Last week, Rep. Mike Honda (D-CA) published a call in The Hill for a much bigger federal role in elementary and secondary education. His plans are loaded with flaws too numerous to dissect here, so I’ll just highlight one, depressing thing about his piece: his bizarro constitutional history. Follow Honda’s narrative and you’d think for most of our history the feds stayed out of education because of the Articles of Confederation, and a jerky little state called Rhode Island:
Inequity in education has historical roots. At its inception, the Federal Government lacked the capacity and the authority to take responsibility for public education. Before the Constitution was drafted, the 13 colonies operated under the Articles of Confederation, created by the Second Continental Congress. The Articles of Confederation could only be amended by unanimous vote of the states. Any state had effective veto power over any proposed change.
In addition, the Articles gave the weak federal government no taxing power. It was entirely dependent on the states for its money and had no power to force delinquent states to pay. In fact, Rhode Island, fearing that the Convention would work to its disadvantage, boycotted the Convention in the hopes of preventing any change to the Articles. When the Constitution was subsequently presented to the Confederation, Rhode Island refused to ratify it. To placate the states, the Tenth Amendment ceded broad authority to the state governments.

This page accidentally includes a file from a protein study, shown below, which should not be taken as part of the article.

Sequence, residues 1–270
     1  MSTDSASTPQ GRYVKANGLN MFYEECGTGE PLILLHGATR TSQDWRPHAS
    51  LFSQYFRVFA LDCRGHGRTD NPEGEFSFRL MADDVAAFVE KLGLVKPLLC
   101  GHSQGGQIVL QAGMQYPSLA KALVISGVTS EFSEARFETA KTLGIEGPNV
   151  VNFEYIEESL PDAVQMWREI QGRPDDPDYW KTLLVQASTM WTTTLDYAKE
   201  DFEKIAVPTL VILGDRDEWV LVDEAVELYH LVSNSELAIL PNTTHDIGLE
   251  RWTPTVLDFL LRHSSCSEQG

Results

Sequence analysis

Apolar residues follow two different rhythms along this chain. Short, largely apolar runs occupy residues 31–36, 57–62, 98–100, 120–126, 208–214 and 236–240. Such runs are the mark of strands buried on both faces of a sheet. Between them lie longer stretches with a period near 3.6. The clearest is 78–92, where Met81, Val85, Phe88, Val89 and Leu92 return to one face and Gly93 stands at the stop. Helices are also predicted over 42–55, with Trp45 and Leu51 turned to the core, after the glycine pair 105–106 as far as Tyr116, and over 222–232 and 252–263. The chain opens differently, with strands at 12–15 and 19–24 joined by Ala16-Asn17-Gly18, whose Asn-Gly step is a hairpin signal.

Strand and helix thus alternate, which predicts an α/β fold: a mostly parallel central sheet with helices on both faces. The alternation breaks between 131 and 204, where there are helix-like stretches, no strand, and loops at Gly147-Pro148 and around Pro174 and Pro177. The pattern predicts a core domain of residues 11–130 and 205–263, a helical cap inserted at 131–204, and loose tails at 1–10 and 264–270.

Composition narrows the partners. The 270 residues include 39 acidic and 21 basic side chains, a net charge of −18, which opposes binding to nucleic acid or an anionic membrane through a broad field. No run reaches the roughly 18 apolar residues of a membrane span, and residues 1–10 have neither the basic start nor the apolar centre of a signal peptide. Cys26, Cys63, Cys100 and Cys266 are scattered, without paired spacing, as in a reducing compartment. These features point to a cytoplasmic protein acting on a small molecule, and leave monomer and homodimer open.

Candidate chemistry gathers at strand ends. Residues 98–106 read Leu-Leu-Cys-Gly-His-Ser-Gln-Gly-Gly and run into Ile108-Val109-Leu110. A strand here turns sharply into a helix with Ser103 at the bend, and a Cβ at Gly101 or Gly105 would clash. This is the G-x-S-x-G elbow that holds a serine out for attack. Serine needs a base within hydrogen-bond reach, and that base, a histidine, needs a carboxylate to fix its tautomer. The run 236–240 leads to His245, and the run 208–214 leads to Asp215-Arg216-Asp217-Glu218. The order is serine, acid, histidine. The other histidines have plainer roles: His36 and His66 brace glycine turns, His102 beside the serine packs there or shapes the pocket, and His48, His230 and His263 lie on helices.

Consequently, as regions of the country developed their own public education systems, disparities opened up.
That Rep. Honda published this dreck is as good as any argument for keeping Washington way out of our schools, especially our American history and civics classes.
The Articles, for one thing, were weak on purpose — Americans were extremely concerned about concentrating too much power in the hands of a central government. Mr. Honda, however, sounds almost as if Americans somehow arrived to find the Articles of Confederation already in place and just had to put up with a bad situation.
Much more egregious — but also, I’m afraid, more common — Honda writes as if the Constitution does not contain Article I, Section 8, which purposely gives the federal government only specific, enumerated powers, and automatically leaves all others to the states and people. The 10th Amendment — which Honda asserts is what long kept DC out of education — does not actually change in any way what power belongs to the feds, states, and people — it just makes it more explicit.
Finally, very few Americans in the 1770s and 1780s would have even recognized something called “public education,” much less tried to give the national government “responsibility” for it. Back then education was almost entirely a family, church, and community affair, and most people wouldn’t have imagined anything different.
Sadly, Honda’s piece is just further confirmation that many of our representatives in Washington care not one whit about what the Constitution says and permits Washington to do. That, or they really don’t know. Either way, it helps explain why the nation is in a world of hurt, and makes very clear that the obstacles to getting Washington out of education are very tall, indeed.